This time the theme is answering a checkmate (or rather an almost-checkmate) with a checkmate. The first three are pretty simple, while the last has many variations and may require a bit of effort (but hopefully it is worth it!).

White mates in 2

White mates in 2

White mates in 2

White mates within 6 moves




Saturday, 18 April 2015

Fun with pins

by Andrew

Here are a couple of puzzles I composed based on the pin.

Pinning Around

 Black to play, mate in 5
Pins and Needles

 White to play, help mate in 13. "Turn the man standing on his head into the main who has stood on his head for too long."

Solutions below.


Friday, 23 January 2015

Australian Juniors Nostalgia

by Junta

I'm currently working as a coach for some ACT players at the 2015 Australian Junior Chess Championships in Canberra (Results here) - I played seven Australian Juniors from 2002-2008, and I still remember the excitement from the 2002 edition as a 10 year old, playing interstate for the first time. 13 years later, I'm coaching 10 year olds playing their first Aus Juniors, and I couldn't help but check out my first ever Aus Juniors game. Not a bad game considering the rating!

Thursday, 25 December 2014

Yusupov: It's a Question of Probability

by Junta

A couple of excerpts from a recent interview (originally in Russian for ChessPro) with former world #3 player, Artur Yusupov, which left an impression on me:

Why sport and fitness are important

Every element is important – the pure chess element as well, of course, but not only. It’s a case of increasing the probability of a good performance, which is something many people fail to understand. They think, “Ah! Today I didn’t play any sport but I still won, so I don’t need it”. Or the opposite. “I played sport but lost the game”. And people don’t realise that it’s a question of probability. You can do everything correctly and increase the probability of winning by some percentage, but it’s never going to be 100%. Surprises can’t be ruled out. You can, of course, do everything correctly and lose, or everything wrongly and win, but the person who does everything correctly will win more often. You can’t argue with the statistics, and that’s the big difference. Those who fail to follow a sporting regime can be very talented and win individual events, but over a long period of time they’ll do worse than the professionals, and that’s the whole point. When I went on all my runs before important tournaments I thought: “I’ll suffer now, but in the tournament I’ll pick up an extra half point!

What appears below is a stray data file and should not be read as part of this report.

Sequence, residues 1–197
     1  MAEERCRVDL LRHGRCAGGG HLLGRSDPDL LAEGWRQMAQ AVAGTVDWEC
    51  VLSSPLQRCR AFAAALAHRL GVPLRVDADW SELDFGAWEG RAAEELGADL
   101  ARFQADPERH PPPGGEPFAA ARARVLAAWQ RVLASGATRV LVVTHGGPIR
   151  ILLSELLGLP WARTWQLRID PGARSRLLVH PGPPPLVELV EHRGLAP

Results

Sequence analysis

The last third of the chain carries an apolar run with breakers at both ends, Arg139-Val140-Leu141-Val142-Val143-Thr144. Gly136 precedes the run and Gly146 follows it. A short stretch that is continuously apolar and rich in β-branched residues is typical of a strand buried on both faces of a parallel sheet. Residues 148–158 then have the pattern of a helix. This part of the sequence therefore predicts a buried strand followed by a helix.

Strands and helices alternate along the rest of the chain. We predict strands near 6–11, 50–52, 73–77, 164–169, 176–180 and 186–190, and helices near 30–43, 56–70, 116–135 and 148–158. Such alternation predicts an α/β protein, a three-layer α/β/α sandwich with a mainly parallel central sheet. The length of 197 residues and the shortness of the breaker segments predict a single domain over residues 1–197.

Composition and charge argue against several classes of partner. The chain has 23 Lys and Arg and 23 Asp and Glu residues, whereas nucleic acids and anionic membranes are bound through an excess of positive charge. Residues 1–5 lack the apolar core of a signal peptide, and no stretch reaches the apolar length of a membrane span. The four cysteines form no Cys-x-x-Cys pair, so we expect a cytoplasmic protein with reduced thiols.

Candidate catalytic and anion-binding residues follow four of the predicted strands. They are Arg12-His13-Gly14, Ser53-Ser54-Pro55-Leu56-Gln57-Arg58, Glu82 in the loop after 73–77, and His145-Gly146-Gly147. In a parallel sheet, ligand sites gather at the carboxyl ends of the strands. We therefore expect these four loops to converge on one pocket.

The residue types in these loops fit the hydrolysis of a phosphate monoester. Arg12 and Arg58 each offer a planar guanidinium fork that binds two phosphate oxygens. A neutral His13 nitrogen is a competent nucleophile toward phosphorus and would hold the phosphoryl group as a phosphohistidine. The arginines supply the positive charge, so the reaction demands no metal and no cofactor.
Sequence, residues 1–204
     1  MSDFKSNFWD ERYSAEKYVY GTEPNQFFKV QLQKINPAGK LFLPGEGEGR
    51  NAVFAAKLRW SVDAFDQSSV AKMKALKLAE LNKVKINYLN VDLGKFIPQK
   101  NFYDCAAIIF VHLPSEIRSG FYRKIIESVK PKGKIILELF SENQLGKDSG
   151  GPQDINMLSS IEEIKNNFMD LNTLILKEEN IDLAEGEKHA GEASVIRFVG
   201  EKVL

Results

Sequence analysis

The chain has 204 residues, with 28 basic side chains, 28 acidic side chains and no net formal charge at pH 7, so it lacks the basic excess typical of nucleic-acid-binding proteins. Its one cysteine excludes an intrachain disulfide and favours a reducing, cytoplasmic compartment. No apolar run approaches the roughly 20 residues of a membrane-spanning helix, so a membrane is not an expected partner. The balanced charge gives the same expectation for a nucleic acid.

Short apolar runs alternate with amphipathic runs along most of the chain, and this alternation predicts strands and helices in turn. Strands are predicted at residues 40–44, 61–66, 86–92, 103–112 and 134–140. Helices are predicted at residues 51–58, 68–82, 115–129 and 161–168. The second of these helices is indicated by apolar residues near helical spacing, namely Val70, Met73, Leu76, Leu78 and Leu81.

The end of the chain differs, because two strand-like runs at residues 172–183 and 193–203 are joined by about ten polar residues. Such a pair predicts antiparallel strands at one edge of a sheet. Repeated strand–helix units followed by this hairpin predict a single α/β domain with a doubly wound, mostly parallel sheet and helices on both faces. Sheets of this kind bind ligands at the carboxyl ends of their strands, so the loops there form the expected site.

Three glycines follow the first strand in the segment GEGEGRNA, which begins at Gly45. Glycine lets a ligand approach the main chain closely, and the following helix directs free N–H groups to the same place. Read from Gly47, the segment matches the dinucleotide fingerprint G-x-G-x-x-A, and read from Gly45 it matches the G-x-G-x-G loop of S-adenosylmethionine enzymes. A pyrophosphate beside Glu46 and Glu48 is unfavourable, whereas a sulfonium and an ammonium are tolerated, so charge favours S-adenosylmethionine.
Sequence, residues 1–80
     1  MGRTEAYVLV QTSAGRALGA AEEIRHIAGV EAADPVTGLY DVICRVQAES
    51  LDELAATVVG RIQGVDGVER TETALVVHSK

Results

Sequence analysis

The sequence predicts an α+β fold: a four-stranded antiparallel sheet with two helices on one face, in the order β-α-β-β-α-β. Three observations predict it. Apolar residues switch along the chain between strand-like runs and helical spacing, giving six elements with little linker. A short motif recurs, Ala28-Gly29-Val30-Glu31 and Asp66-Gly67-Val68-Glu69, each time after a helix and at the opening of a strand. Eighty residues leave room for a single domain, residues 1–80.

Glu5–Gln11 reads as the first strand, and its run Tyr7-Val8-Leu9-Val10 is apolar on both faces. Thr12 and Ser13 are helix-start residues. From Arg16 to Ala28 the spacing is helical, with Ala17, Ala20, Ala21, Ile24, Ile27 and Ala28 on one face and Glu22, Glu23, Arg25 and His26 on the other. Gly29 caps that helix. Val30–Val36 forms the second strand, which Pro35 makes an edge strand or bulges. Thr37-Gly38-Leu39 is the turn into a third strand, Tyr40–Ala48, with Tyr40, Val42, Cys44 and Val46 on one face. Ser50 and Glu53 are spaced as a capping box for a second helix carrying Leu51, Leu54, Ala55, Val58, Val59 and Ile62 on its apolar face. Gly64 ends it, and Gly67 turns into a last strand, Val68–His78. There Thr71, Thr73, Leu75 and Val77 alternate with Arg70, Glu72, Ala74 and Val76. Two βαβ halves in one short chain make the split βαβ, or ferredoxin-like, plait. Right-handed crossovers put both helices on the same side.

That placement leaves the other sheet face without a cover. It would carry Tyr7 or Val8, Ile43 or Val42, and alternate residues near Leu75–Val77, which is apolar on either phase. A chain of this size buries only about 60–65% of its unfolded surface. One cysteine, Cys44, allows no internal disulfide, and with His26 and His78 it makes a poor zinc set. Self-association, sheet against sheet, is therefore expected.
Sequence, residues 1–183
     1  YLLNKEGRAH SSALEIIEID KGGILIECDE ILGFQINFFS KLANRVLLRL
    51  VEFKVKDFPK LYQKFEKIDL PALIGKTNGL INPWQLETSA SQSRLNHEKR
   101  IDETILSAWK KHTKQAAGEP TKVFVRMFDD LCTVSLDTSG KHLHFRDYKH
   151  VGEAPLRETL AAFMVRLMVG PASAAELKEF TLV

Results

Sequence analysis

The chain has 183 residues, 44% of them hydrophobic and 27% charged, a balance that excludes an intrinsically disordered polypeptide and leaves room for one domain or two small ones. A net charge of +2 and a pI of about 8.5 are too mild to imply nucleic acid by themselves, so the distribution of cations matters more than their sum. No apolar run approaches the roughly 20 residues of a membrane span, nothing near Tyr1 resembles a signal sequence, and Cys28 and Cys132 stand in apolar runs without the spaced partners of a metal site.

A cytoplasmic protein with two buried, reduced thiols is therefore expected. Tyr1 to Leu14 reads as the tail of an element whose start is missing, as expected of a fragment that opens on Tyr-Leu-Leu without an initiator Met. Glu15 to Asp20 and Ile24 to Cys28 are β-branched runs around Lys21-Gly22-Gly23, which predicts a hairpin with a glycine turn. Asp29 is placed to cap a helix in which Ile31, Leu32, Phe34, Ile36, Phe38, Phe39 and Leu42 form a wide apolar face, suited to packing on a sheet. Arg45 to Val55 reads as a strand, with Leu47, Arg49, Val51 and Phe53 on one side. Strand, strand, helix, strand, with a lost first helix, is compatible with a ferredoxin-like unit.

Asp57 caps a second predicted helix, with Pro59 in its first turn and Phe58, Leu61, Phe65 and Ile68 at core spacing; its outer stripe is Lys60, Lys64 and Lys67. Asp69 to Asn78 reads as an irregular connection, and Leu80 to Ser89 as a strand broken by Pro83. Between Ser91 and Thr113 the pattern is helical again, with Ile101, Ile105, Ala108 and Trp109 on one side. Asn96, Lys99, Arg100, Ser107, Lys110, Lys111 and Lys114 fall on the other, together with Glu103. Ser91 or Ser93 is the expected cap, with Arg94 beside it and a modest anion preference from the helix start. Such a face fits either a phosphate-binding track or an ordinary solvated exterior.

On how wins aren't always the result of our brilliant play

A win is always the “achievement” of our opponents. I understood that very well when analysing my old games. I’d naively thought that I outplayed my opponents, but a closer analysis with the help of the computer showed: nothing of the sort! Basically my opponents had even understood the position better than I did and they played well (laughs), but at some decisive moment, perhaps, they lacked energy. They committed a bad mistake which altered the logical course of the game. Analysis showed a totally different picture. So you always win due to the mistakes of the guy sitting opposite. It’s simply not possible otherwise.